How to Stay Focused In Long, Boring Meetings

Stretch, snack and widen your attention span to make the most of meetings.

Absorbed businessman looking at his phone during a meeting with colleagues in office.

Reminding yourself of the meeting's purpose, taking breaks and snacking can help you remain alert during long meetings.


Yes, you care about next year’s budget or this week’s project update or last month’s progress. (Or maybe you don’t.) It’s just – how are you supposed to sit still and absorb that information for a few hours when there are emails to answer, reports to write, appointments to reschedule and who knows what else? Long meetings can sometimes feel less like work and more like workouts – exhausting endurance tests during which you’re expected to contribute and learn. Let’s shape up for the next meeting so you’re fit and focused:

Take breaks. Focusing for an hour to an hour and a half can be exhausting for our brains, says Amit Sood, author of "The Mayo Clinic Guide to Stress-Free Living" and professor of medicine at Mayo Clinic in Rochester, Minn. After about that amount of time, he says, “our brain gets depleted and starts making errors and may get irritable” – a formula for a not-so-productive meeting. Short breaks, even if they’re only a couple minutes, offer some much needed rejuvenation. 

But there’s a catch to making those breaks effective, Sood says. If you can help it, don’t use that precious 90 seconds of free time to email your boss or sign off on a report or discuss team goals with a colleague. To help your brain recover from absorbing an hour of PowerPoint slides, try to forget about work during your break.

There’s no denying now that sitting for prolonged periods of time has serious health risks, so get up and take a short walk. Or try one of these office-friendly stretches from the Mayo Clinic. You could also spend the break talking to a co-worker about something unrelated to work, or befriending someone at the meeting who you’ve yet to meet.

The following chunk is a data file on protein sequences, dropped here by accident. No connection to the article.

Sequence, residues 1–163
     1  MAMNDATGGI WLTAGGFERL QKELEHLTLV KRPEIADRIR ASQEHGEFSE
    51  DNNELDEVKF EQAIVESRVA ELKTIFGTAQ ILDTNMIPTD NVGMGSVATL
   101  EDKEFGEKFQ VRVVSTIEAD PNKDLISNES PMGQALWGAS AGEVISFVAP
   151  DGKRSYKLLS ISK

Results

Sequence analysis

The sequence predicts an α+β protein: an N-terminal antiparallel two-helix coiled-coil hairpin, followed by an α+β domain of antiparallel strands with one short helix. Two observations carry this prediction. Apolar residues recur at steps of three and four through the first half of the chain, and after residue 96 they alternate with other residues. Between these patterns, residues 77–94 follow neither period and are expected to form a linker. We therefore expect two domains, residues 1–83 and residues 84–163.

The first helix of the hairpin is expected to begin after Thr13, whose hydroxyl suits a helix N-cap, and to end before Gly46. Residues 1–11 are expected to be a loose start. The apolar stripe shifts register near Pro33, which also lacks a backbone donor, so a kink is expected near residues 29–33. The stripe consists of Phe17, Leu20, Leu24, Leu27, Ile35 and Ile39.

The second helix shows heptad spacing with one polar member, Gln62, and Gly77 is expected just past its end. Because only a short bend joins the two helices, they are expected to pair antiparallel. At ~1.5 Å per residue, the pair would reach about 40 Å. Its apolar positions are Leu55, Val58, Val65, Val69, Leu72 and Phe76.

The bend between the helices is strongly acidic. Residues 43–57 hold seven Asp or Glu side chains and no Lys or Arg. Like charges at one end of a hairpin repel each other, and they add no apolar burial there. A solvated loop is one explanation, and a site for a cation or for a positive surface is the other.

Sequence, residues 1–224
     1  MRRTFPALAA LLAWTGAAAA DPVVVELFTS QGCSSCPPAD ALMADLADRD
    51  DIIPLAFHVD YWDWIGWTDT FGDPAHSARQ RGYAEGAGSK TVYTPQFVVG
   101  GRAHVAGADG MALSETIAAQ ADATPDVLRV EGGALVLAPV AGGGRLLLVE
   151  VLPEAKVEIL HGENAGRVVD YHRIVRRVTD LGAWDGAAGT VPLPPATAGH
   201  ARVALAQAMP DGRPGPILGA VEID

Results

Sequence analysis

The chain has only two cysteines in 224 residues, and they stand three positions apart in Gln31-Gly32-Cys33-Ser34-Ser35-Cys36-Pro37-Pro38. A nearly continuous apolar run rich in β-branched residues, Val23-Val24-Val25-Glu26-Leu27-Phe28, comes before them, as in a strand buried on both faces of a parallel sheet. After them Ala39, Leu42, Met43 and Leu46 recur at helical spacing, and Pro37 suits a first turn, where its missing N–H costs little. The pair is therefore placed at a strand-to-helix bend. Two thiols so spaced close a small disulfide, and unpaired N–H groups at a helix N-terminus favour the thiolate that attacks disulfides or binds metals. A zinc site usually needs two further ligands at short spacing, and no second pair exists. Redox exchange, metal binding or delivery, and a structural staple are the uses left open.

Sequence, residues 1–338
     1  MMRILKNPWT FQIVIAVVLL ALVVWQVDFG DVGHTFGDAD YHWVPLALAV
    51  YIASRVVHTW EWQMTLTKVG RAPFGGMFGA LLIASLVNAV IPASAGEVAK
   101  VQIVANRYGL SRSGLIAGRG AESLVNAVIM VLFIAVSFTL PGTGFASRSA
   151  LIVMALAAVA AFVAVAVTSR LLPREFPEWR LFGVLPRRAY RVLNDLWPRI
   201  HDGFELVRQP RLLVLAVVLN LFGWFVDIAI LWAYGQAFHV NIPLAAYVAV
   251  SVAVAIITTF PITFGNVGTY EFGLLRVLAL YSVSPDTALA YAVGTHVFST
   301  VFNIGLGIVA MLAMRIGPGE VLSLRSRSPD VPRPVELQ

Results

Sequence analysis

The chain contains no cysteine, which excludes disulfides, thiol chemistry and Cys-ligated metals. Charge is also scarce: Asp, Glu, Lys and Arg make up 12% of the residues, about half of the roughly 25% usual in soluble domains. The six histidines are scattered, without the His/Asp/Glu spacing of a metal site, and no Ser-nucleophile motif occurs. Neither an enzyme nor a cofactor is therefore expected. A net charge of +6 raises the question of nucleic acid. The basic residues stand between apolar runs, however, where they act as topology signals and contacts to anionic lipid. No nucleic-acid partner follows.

Look for novelty. If you find yourself bored in a meeting, try – really try – to find something interesting about the topic or meeting leader droning on. Train your brain to look for novelty in seemingly normal things, and you’ll essentially broaden your attention span, or at least have better control over it. Sood gives this example: Many of us would likely find a 10-carat diamond ring interesting and novel, “but when you find a water bottle interesting and the tomatoes in Wal-Mart interesting and the cloud formations interesting – then you have changed your threshold.”

So how do you find novelty in a boring meeting? During mini-breaks, when you have an opportunity to shift focus (as the meeting leader fires up the computer or transitions to the next topic, for example), Sood finds novelty by looking at the color of that person’s eyes, or picture him or her as a 2-year-old or 80-year-old. Alternately, he might imagine that person as someone’s child or sibling or grandparent. Sood doesn’t spend the whole meeting on these expeditions for novelty – “If I did, I wouldn’t be very productive,” he says – but the moment it takes to reframe the topic or person can be just the push you need to find focus. “When you’re in meetings, you have to find people interesting and enjoyable,” Sood says. “Otherwise it’ll be torture.”

Remember the purpose of the meeting. As you fixate on details, wade through different viewpoints and perhaps lament over that to-do list, it may be easy to forget the point of the meeting. “Think back to the meaning of the meeting, and ask, ‘Why am I doing this?'” Sood says. “When you find your attention is wavering, bring the purpose of the end user in front of your eyes.” While you may be dwelling only on yourself and your role, think of the client, customer, policy, message, belief or whatever the root reason is for the meeting. By examining the cause of the meeting, you may find yourself “considering it a privilege rather than a duty.”

Go back to the basics. Engage in the meeting, whether it’s asking questions, proposing ideas, or at the very least, taking notes, says Jocelyn Glei, director of 99U, an educational website aimed at helping people make their ideas happen. She also advises meeting-goers to leave their phones at their desks to avoid distraction. And what better time to practice those active listening skills? On Careers blogger Rebecca Thorman proposes other opportunities to engage in meetings in her post "5 Reasons Meetings Don’t Suck."

Snack and hydrate. Bring water to meetings, and snack wisely beforehand. Say no to high-carbohydrate, high-energy density foods that will tempt you to rest your eyes (just for a second!) 10 minutes into the meeting. Opt for healthy fruits, vegetables and other healthy snacks.